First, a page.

Scientific paper – A Tool for Investigating Asthma and COPD Exacerbations

December 16, 2016 9:33 am

A Tool for Investigating Asthma and COPD Exacerbations: A Newly Manufactured and Well Characterised GMP Wild-Type Human Rhinovirus for Use in the Human Viral Challenge Model

Daniel J. Fullen, Bryan Murray, Julie Mori, Andrew Catchpole, Daryl W. Borley, Edward J. Murray, Ganesh Balaratnam, Anthony Gilbert, Alex Mann, Fiona Hughes, Rob Lambkin-Williams.

hVIVO Group PLC, Queen Mary BioEnterprises Innovation Centre, London, England, United Kingdom

Abstract

Background

Human Rhinovirus infection is an important precursor to asthma and chronic obstructive pulmonary disease exacerbations and the Human Viral Challenge model may provide a powerful tool in studying these and other chronic respiratory diseases. In this study we have reported the production and human characterisation of a new Wild-Type HRV-16 challenge virus produced specifically for this purpose.

Methods and Stock Development

A HRV-16 isolate from an 18 year old experimentally infected healthy female volunteer (University of Virginia Children’s Hospital, USA) was obtained with appropriate medical history and consent. We manufactured a new HRV-16 stock by minimal passage in a WI-38 cell line under Good Manufacturing Practice conditions. Having first subjected the stock to rigorous adventitious agent testing and determining the virus suitability for human use, we conducted an initial safety and pathogenicity clinical study in adult volunteers in our dedicated clinical quarantine facility in London.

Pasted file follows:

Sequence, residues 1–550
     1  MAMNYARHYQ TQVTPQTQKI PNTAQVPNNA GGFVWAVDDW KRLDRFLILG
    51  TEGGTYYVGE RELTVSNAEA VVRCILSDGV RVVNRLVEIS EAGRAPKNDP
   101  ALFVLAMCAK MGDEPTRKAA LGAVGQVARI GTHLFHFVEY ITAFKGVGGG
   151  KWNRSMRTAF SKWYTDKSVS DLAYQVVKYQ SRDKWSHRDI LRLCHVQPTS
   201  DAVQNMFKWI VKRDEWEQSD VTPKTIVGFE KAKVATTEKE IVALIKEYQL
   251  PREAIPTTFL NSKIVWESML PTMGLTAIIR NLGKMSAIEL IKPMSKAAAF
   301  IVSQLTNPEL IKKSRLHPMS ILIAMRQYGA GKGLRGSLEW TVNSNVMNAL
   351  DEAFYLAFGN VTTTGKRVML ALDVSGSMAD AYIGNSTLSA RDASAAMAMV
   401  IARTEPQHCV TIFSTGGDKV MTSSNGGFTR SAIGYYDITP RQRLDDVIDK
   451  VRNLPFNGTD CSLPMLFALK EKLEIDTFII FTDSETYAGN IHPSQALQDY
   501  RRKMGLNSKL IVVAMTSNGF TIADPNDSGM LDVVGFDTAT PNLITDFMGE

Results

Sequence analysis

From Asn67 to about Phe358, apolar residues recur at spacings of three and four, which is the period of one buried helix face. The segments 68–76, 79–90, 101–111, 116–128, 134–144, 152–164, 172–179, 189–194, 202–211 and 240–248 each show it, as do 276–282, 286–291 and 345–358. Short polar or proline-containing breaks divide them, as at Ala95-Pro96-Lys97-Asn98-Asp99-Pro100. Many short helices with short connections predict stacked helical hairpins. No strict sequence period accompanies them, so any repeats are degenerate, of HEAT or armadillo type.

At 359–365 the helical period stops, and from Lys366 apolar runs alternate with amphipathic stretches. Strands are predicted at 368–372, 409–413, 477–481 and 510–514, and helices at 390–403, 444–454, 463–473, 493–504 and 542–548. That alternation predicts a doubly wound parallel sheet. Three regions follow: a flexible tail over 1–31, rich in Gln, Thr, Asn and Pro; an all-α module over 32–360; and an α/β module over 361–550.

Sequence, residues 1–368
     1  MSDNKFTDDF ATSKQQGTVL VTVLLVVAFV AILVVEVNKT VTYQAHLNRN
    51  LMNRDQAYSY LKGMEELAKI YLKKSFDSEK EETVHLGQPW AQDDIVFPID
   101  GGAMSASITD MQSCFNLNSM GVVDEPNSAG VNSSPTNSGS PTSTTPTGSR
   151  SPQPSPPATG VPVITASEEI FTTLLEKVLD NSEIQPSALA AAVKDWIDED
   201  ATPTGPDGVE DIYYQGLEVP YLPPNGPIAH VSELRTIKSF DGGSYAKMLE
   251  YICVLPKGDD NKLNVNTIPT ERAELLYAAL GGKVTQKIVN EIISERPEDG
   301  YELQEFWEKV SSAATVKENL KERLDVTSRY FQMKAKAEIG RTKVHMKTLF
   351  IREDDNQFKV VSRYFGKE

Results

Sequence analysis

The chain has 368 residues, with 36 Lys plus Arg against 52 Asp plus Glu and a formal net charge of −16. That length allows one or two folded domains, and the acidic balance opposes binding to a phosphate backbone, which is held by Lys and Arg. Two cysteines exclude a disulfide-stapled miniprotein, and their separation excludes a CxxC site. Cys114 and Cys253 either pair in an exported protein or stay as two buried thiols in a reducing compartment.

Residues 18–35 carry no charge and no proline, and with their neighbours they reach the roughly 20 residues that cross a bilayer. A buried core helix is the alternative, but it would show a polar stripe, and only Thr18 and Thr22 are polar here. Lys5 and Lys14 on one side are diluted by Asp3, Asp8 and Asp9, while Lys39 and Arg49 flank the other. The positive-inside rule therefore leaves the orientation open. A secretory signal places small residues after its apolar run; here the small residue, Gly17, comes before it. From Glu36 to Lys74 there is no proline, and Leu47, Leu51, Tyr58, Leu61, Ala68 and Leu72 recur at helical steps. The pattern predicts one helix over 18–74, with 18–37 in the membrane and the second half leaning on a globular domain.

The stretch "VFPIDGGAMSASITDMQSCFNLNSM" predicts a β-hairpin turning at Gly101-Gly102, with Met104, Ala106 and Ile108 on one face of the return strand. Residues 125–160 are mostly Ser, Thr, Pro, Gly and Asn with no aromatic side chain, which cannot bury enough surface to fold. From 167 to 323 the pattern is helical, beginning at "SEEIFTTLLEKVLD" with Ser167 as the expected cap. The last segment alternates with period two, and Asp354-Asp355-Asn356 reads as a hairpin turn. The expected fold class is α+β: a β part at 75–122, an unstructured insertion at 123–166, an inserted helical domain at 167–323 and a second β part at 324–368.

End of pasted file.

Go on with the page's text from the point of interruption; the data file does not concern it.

Human Challenge and Conclusions

In this study we have demonstrated the new Wild-Type HRV-16 Challenge Virus to be both safe and pathogenic, causing an appropriate level of disease in experimentally inoculated healthy adult volunteers. Furthermore, by inoculating volunteers with a range of different inoculum titres, we have established the minimum inoculum titre required to achieve reproducible disease. We have demonstrated that although inoculation titres as low as 1 TCID50 can produce relatively high infection rates, the optimal titre for progression with future HRV challenge model development with this virus stock was 10 TCID50. Studies currently underway are evaluating the use of this virus as a challenge agent in asthmatics.

PLOS ONE | DOI:10.1371/journal.pone.0166113 December 9, 2016 1 / 16

Funding: The study was funded by hVIVO Services Limited. hVIVO Services Limited provided support in the form of salaries for all authors, but did not have any additional role in the study design, data collection and analysis, decision to publish, or preparation of the manuscript. The specific roles of these authors are articulated in the `author contributions’ section.

 

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